Athabasca Oil Corp. (ATH), the energy producer awaiting a C$1.23 billion ($1.13 billion) payment from PetroChina Co. for an oil-sands stake, can go after the Chinese company’s other Canadian investments if it doesn’t get paid.
Athabasca could sue for failure to make the payment and seek liquidation of PetroChina’s assets including a venture with Encana Corp. Athabasca also can seek a ruling from London arbitrators in the event of a dispute within the agreement, according to the contract that was filed with Canadian regulators.
Some investors are taking comfort in the Canadian company’s recourse options after reports indicated the payment is being renegotiated and may be delayed, sending its shares to the lowest in 14 months this week. Shareholders, lawyers and an adviser on the deal who asked not to be identified highlighted a lawsuit as a remedy for Athabasca.
“I would argue that, legally, everything seems to suggest that it’s entirely in Athabasca’s favor, that they would win in any kind of court proceedings,” said Chris Cox, an analyst at Raymond James Ltd. in Calgary. “The downside is they take time.”
Athabasca in April triggered the sale of its 40 percent stake in the Dover oil-sands project to PetroChina, which owns the rest. When the two partnered in 2010, they negotiated an option for either one to exercise the sale of Athabasca’s stake to Beijing-based PetroChina upon the project’s approval.
Athabasca needs the proceeds from the sale to fund drilling, including in the Duvernay shale where it’s seeking partners.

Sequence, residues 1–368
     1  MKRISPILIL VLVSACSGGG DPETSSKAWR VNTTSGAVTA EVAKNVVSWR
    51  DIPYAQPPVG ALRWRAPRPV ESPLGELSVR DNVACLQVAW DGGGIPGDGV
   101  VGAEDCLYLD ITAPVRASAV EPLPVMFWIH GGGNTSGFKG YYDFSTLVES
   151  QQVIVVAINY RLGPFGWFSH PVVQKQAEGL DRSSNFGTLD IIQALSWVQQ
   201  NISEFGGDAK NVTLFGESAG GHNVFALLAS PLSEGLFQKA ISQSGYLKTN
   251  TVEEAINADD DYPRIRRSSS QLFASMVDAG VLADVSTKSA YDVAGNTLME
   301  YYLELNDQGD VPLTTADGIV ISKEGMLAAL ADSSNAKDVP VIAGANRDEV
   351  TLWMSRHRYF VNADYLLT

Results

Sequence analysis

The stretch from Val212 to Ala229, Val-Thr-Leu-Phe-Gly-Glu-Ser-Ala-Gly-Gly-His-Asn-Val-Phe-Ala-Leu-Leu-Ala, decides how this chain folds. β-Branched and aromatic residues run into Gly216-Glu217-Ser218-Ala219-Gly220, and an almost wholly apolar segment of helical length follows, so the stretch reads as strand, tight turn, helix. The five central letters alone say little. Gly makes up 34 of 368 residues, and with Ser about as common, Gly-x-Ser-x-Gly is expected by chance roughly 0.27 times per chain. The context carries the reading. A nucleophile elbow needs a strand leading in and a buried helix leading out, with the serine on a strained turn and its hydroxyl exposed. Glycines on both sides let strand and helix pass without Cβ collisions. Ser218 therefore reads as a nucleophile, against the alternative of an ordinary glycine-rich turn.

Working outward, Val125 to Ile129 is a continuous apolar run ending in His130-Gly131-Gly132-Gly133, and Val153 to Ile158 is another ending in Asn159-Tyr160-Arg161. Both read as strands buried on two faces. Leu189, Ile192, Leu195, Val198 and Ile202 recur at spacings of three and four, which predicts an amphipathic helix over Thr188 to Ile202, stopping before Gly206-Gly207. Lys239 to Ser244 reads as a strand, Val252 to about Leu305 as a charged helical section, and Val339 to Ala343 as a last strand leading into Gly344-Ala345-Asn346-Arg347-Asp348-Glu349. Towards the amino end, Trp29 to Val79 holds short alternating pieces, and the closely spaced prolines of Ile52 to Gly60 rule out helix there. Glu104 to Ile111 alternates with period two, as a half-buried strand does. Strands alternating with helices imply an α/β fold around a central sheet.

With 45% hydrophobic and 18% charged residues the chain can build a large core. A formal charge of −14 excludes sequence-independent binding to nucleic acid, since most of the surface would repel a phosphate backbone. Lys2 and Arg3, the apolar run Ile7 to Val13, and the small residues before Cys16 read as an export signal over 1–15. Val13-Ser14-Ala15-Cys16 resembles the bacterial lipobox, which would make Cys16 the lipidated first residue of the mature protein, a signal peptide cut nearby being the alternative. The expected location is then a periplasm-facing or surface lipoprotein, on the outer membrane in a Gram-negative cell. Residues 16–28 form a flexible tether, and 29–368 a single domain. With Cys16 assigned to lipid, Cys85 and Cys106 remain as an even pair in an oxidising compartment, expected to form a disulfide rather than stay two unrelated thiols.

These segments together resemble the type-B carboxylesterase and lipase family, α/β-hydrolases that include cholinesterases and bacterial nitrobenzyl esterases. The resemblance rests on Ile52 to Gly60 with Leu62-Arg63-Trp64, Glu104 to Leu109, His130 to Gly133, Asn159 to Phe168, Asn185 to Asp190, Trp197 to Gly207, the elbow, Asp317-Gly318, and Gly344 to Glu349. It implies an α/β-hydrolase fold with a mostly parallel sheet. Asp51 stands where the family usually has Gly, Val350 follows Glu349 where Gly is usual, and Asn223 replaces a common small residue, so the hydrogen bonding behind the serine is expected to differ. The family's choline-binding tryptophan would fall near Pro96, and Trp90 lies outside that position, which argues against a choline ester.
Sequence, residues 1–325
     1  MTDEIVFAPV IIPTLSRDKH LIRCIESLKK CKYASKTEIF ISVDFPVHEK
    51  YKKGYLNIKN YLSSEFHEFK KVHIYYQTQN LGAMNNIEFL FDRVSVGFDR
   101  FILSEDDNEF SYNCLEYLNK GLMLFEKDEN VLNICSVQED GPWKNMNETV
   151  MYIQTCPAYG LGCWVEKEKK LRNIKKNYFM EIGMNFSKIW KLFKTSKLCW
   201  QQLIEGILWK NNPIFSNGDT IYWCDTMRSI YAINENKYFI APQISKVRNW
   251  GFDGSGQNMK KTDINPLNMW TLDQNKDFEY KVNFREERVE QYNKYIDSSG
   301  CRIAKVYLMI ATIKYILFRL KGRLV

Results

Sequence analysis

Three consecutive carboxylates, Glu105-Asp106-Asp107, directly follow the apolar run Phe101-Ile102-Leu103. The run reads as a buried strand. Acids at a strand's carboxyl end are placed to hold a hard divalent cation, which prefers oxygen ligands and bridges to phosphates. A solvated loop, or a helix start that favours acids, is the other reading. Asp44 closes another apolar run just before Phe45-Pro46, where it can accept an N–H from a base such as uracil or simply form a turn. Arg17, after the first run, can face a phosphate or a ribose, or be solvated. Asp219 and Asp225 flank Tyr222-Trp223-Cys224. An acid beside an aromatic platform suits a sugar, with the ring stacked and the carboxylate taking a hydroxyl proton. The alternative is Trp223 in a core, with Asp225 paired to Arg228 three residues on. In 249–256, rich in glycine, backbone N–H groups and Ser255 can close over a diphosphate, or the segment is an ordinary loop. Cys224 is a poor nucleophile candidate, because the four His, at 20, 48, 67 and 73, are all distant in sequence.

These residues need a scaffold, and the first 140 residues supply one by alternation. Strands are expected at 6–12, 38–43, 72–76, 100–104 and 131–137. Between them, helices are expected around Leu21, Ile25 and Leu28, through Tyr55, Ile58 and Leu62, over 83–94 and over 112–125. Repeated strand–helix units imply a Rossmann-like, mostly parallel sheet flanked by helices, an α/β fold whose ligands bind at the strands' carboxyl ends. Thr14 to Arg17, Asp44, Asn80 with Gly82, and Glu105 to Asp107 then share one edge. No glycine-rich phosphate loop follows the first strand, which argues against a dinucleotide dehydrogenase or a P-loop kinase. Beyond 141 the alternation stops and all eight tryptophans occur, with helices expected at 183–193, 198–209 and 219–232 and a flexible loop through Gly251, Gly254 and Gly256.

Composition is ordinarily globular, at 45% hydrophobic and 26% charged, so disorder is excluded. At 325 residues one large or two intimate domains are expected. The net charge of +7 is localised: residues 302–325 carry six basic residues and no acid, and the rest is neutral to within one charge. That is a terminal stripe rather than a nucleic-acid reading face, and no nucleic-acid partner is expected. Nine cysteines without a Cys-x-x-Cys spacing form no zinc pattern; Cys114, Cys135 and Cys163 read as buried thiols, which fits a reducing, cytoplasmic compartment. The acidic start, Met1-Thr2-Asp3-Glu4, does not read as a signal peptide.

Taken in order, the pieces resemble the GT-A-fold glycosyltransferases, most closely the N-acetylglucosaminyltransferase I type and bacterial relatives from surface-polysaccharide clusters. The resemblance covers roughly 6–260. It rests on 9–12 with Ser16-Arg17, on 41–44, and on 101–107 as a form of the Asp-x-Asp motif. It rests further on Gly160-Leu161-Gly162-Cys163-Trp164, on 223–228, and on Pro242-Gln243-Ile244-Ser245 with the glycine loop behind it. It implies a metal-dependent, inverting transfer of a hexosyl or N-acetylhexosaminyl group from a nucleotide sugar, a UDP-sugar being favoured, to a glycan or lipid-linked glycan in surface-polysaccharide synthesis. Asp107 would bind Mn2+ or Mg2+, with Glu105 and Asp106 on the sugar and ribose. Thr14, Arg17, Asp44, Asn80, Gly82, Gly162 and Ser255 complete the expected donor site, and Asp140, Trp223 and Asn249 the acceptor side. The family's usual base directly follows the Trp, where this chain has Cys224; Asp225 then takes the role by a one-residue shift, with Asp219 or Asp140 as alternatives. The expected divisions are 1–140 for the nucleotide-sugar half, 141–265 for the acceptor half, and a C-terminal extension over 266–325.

Concerns about the deal first arose when PetroChina didn’t make the payment by June 30, after Athabasca had said it expected the money by the end of the second quarter. Athabasca shares dipped to C$5.95 on July 29, the lowest since May 2013. The stock rose 0.9 percent to C$6.29 at 1:12 p.m. in Toronto.
The Financial Post reported on July 26 that PetroChina is trying to negotiate a lower price for the Dover stake, citing an unidentified person familiar with the talks. In a July 29 report, dealReporter said the payment is running into a protracted delay, citing two unidentified Chinese government sources.
Athabasca is confident the payment will come, netting the company the full C$1.23 billion, according to Matthew Taylor, a company spokesman.
“We’re working to close the transaction in accordance of the terms of the option agreement,” Taylor said on July 30, declining to comment on Athabasca’s recourse should the deal fall apart. “We can’t give our legal opinion externally.”
Athabasca reports second-quarter earnings on Aug. 6.
A sweeping Chinese government investigation is further casting a shadow over the oil-sands deal. Among PetroChina executives being probed are Li Zhiming, the former head of the Dover joint venture company Brion Energy Corp., and Margaret Jia, who until recently was China National Petroleum Corp.’s chief representative in Canada.
The investigations were reported by media outlets including Beijing-based Caixin magazine and the Wall Street Journal and confirmed to Bloomberg News by a person familiar with the matter. Neither executive has been charged with any crime, according to the July 28 Wall Street Journal report.
Chen Shudong, CNPC’s incoming director for Canada and head of the Dover joint venture, didn’t return phone and e-mail messages. Mao Zefeng, a PetroChina spokesman in Beijing, didn’t respond to two phone calls to his office. Jia declined in an e-mail to comment.
PetroChina assets in Canada include a Duvernay shale gas interest, for which the Chinese company paid Encana C$1.18 billion. PetroChina’s other projects include the MacKay River oil-sands development, previously a joint venture with Athabasca, as well as a partnership to build an oil-sands pipeline with TransCanada Corp. It also has a stake in a liquefied natural gas export plant along the Pacific Coast proposed by Royal Dutch Shell Plc.